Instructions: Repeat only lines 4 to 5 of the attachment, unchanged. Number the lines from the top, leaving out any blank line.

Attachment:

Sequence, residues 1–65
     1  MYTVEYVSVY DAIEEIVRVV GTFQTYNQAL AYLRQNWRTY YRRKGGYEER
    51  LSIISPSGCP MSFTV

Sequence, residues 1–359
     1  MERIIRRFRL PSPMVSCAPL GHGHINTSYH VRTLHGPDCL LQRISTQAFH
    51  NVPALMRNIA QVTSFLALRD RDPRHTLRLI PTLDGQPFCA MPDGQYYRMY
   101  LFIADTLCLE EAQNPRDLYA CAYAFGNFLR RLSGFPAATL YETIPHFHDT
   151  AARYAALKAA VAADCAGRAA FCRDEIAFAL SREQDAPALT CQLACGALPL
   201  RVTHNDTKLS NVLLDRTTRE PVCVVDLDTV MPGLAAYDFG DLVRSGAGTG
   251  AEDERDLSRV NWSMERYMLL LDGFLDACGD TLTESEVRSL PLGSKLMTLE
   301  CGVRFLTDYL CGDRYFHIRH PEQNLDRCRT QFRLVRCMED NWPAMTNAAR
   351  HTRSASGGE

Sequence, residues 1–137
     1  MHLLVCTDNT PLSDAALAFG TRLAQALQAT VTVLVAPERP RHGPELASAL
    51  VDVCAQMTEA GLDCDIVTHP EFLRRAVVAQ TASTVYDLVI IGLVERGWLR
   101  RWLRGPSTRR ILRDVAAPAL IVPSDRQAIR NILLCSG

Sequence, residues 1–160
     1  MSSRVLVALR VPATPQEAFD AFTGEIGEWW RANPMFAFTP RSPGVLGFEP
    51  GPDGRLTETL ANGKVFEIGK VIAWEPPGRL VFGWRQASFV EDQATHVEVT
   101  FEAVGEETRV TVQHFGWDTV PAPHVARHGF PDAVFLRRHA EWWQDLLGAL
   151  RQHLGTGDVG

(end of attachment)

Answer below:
Sequence, residues 1–359
     1  MERIIRRFRL PSPMVSCAPL GHGHINTSYH VRTLHGPDCL LQRISTQAFH